• Lozi Style: King Lewanika and the Marketing of Barotseland, Karen E. Milbourne (Smithsonian National Museum of African Art)

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Circumventing Censorship in Global Eighteenth-Century Visual Culture
Wednesday, 21 February, 2:00–3:30pm

Chairs: Lauren G. Kilroy-Ewbank (Pepperdine University) and Kristen L. Chiem (Pepperdine University)

• The Pueblo Revolt and the Art of Resistance, Caroline Jean Fernald (Millicent Rogers Museum)
• Ganymede, Eros, and Winged-Phalli, Joseph Cotter (Pennsylvania State University)
• Censoring the Sultan? Imperial Epigraphy and Popular Exegesis, David Simonowitz (Pepperdine University)
• Seditious Words, Innocuous Images? Qing Literary Inquisitions and the Visual Realm, Kristen L. Chiem (Pepperdine University)

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Travel, Diplomacy, and Networks of Global Exchange in the Early Modern Period, Part II
Wednesday, 21 February, 4:00–5:30pm

Chair: Justina Spencer (Carleton University)

• Matters of Resemblance and Remembrance, between Istanbul and Venice, Elizabeth Rodini (Johns Hopkins University)
• Ottoman Diplomatic Ceremonies as seen through the Eyes of the Flemish Artist Pieter Coecke van Aelst (1533), Talitha Maria G. Schepers (The Courtauld Institute of Art)
• Texture, Touch, and Color in the Ottoman Costume Book: On the Interpretation of Transcultural Art, Elisabeth Fraser (University of South Florida)

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All in the Family: Northern European Artistic Dynasties, ca. 1350–1750 (HNA)
Wednesday, 21 February, 4:00–5:30pm

Chair: Catharine Ingersoll (Virginia Military Institute)

• Visualizing the Francken Family Legacy: On the Gallery Paintings of Frans II Francken (1581-1642), Jamie Richardson (Bryn Mawr College)
• David Teniers II as a Brueghel, Lloyd DeWitt (Chrysler Museum of Art)
• Marketing Matriarchy: Maria Sibylla Merian, her Daughters, and their Blooming Watercolors, Catherine Powell (The University of Texas at Austin)
• The Far-flung Bendls: Stylistic Connections between Four Generations of an Early Modern Sculptural Family, Mirka C. Døj-Fetté (Princeton University)

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Objects of Change? Art, Liberalism, and Reform across the Eighteenth and Nineteenth Centuries
Wednesday, 21 February, 4:00–5:30pm

Chairs: Caitlin Beach (Columbia University) and Emily Casey (St. Mary’s College of Maryland)

• Engraving’s ‘Immoveable Veil of Black’: Phillis Wheatley’s Portrait and the Politics of Technique, Jennifer Chuong (Harvard University)
• Fire Prevention, Prefabrication, and Containing: Techniques of Managing Labor across the Early Nineteenth-Century British Atlantic, Jonah Rowen (Columbia University)
• A Visual Riot: Reform and Dissent in The History of Pennsylvania Hall (1838), Emily S. Warner (Vassar College)
• Archive Against Crime: Cesare Lombroso and Seeing the Criminal, Not the Crime, in Post-Risorgimento Italy, Nicole Coffineau (University of Pittsburgh)

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Yale University Press Exhibitor Session: Art and Architecture ePortal
Wednesday, 21 February, 4:00–5:30pm

Chairs: Patricia Fidler (Yale University Press) and Sara Sapire (Yale University Press)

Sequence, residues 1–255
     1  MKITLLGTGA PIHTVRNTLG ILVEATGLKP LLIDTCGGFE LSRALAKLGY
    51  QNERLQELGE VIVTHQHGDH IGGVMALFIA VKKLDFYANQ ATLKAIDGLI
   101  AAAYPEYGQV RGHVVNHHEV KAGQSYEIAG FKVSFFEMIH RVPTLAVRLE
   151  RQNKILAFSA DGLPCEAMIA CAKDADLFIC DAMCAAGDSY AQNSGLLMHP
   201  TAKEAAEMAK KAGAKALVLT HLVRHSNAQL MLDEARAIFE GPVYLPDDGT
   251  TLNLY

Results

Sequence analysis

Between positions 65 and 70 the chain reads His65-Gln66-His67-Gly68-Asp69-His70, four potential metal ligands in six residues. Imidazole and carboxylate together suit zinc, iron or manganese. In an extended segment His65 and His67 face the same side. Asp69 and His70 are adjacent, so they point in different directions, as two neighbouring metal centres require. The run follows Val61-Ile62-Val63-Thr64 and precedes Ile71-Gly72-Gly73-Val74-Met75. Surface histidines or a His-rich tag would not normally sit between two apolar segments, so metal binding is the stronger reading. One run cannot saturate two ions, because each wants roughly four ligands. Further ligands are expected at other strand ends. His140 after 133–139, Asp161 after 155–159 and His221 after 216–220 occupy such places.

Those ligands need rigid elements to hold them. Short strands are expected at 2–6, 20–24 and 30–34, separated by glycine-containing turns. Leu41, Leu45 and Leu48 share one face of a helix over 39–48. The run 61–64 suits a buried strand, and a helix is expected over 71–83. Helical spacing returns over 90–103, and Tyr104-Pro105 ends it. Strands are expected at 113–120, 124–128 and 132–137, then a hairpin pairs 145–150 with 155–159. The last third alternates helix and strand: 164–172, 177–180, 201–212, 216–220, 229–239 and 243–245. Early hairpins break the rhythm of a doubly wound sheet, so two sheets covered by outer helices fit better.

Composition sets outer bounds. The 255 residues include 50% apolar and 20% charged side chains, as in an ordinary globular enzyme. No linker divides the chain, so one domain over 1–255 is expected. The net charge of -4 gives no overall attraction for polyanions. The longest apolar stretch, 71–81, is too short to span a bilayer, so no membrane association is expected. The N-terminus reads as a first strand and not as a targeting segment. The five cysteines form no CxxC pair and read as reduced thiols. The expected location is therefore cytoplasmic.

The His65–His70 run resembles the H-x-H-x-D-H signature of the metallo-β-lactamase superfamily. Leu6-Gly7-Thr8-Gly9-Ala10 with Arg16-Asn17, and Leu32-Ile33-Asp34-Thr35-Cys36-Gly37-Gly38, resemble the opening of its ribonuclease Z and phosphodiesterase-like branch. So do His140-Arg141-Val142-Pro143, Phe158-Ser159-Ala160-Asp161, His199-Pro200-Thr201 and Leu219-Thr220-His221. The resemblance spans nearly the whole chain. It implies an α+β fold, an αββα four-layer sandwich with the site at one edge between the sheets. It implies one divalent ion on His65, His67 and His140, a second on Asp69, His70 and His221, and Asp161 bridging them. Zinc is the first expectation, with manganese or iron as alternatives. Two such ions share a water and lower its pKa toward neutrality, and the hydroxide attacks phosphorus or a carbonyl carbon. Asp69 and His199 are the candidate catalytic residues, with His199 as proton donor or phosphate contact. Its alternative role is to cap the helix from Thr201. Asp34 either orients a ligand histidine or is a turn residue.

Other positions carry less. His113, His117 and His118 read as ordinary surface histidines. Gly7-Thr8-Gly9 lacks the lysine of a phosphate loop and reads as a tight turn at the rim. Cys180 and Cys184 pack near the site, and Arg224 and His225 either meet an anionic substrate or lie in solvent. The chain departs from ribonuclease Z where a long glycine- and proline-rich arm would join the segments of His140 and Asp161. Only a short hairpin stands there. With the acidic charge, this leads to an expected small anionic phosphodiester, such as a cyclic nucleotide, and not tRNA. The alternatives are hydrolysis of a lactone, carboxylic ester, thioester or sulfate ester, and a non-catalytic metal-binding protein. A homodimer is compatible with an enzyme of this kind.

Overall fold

Yale University Press has recently received grants from the Andrew W. Mellon Foundation to create an electronic portal for art and architectural history content. YUP believes that building a dynamic and specialized destination for scholarly content will be of significant value to the field. Backlist and out-of-print titles are currently being converted into ePub for the site and extensive metadata tagging of images is underway. Importantly, fair use is being asserted for the images used on this scholarly platform. While the initial content is from YUP and some of its exclusive museum partners, including its project partner the Art Institute of Chicago, the intention is for the portal to accommodate scholarly content from other university presses and museums. The site has also been built to publish born-digital content, which could provide a welcome new option for scholars and publishers alike, and features the ability to create custom coursepacks for teaching purposes. Members from YUP’s ePortal team will provide a formal demonstration of the beta site and will encourage questions and discussion from attendees. The Press will also collect important feedback from the audience (i.e., potential users) in the form of a questionnaire, which will inform further work on the project.

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Routledge, Taylor & Francis Exhibitor Session: How to Get Published and How to Get Read
Thursday, 22 February, 8:30–10:00am

Chair: Geraldine Richards (Routledge, Taylor & Francis)

This panel discussion is designed for scholars and artists looking to submit an article or book proposal for academic publication. Whether you are a seasoned publishing veteran or new to the publishing landscape, this session offers practical advice on how to get published and how to get read with helpful tricks and tips from journal editors, book authors, and visual arts Routledge staff.

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Envisioning Time in Early Modern China
Thursday, 22 February, 8:30–10:00am

Chair: Daniel M. Greenberg (Columbia University)

• The Temporality of the Rebus, Sophie Volpp (University of California, Berkeley)
• The Artful Time Machine: Horology, Art, and History, Lihong Liu (University of Rochester)